Population Aging – Crisis or Opportunity?

24. 04. 2017

The world is getting older. In 2015 there were around 900 million people over the age of 60. By 2050, it is expected that there will be two billion. Today, for the first time ever, most of us can expect to live into our sixties and beyond.

Population aging is happening much faster than in the past and in some countries the pace of change is particularly rapid. In China, a threefold increase in the elderly population is predicted between 2000 and 2050. And in Japan, the country with the highest life expectancy, the elderly are projected to account for more than a third of the population by 2050.


Growth of the Elderly Population

1900 to 2030

Note: from this graph, cognitive decline is evident already at 20-30, but more pronounced after 50-60

It is common now for these issues to be discussed in an apocalyptic way, with talk of a “demographic timebomb” and unbearable strain on health and social care systems. But looked at more positively, population aging is an opportunity – for individuals who have more time to explore new opportunities in life, and for societies as a whole, which can benefit from the contribution of older people.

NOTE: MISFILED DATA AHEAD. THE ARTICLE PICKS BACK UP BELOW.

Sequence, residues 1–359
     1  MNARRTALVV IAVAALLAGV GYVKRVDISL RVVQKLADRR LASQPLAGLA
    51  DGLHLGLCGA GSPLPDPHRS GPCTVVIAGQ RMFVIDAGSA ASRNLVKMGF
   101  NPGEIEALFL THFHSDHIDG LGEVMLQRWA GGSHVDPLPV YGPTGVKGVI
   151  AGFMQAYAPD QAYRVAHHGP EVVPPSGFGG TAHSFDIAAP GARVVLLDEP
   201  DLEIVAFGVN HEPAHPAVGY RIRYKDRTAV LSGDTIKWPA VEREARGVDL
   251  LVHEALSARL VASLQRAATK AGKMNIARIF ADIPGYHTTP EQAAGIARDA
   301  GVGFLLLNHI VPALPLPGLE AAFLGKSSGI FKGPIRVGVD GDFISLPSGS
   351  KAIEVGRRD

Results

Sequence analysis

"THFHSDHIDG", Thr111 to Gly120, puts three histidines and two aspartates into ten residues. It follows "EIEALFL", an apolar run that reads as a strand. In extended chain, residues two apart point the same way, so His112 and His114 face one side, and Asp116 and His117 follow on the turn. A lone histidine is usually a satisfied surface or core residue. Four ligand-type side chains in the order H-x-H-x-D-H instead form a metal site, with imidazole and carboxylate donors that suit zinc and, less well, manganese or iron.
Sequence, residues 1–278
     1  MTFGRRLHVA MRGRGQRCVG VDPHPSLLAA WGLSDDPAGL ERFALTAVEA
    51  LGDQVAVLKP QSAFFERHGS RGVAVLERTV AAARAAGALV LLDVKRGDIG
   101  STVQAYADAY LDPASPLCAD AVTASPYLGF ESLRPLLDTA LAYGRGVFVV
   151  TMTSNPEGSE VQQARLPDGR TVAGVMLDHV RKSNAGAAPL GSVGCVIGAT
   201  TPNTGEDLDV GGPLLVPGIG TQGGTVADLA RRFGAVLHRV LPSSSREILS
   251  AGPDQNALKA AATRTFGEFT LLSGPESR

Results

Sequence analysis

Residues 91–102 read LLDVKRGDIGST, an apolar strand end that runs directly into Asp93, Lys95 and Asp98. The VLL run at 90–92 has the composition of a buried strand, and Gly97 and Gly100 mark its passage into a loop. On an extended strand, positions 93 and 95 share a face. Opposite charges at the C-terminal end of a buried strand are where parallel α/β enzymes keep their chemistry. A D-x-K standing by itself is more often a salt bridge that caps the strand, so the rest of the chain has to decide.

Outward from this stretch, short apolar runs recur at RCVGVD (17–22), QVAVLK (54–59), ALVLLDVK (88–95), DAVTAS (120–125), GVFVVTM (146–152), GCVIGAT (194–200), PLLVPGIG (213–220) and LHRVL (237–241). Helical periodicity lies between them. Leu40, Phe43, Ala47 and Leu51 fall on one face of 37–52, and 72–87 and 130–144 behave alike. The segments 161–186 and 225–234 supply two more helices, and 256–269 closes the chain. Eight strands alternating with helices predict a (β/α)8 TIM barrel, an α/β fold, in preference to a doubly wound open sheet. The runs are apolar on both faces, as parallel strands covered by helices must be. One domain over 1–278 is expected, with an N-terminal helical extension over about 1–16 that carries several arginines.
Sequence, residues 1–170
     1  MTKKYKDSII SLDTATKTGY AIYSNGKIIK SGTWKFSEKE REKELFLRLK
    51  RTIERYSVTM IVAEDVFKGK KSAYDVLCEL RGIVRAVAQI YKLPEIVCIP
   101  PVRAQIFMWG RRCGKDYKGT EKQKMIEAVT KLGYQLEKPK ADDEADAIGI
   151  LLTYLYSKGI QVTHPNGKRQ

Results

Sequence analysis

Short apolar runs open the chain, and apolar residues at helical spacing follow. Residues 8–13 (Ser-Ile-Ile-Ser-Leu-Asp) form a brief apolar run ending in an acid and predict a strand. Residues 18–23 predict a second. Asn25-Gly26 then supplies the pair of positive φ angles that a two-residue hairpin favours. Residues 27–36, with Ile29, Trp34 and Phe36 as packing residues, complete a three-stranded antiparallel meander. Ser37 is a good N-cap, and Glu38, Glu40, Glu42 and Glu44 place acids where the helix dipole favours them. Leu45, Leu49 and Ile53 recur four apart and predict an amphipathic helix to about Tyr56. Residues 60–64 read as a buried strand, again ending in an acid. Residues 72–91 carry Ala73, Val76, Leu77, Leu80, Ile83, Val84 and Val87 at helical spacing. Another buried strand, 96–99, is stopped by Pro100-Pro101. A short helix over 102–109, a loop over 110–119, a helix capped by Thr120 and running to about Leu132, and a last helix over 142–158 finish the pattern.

Given that seniors are more likely to use supplements, population aging is undoubtedly also an opportunity for the nutrition industry. Research in the US in 2014 found that 58% of men aged 50 to 70 were taking supplements, compared with 36% in the 19-30 age group.


Reference: Dickinson et al, Nutrition Journal, 2014

Whatever your perspective, it is critical that we address the specific health needs of older people. As well as physical issues, such as osteoarthritis and pulmonary disease, these include cognitive difficulties, such as age-associated memory decline and more serious pathological deterioration.


Normal Aging vs. Demntia

Reference: Adapted from: Golomb et al, Dialogues in clinical neuroscience. 2004;6:351-367

Awareness of the importance of lifestyle and diet factors to support a healthy mind in later life is growing. Accordingly, aging consumers are turning to nutrition solutions, and experts predict that the market for health products containing ingredients for cognitive health will continue to rise as the global population ages.

One example is phosphatidylserine (PS). In 2003 the US FDA authorized two qualified health claims for it, declaring that it may reduce the risk of cognitive dysfunction and dementia in the elderly. Enzymotec’s Sharp•PS® is a high-grade PS. Findings from an open label study have suggested that it has a beneficial impact on cognitive abilities in the elderly, and that is safe for use.



We will explore the cognitive health needs of older people, and the value of PS in supporting them, in more detail in our next blog. For now, it is worth reflecting on the scale of population aging and its implications. In just a few years, there will be more people over the age of 60 than there are children under the age of five.

Their health needs will have a huge impact on many areas of life in the decades to come, including the future of the nutrition industry.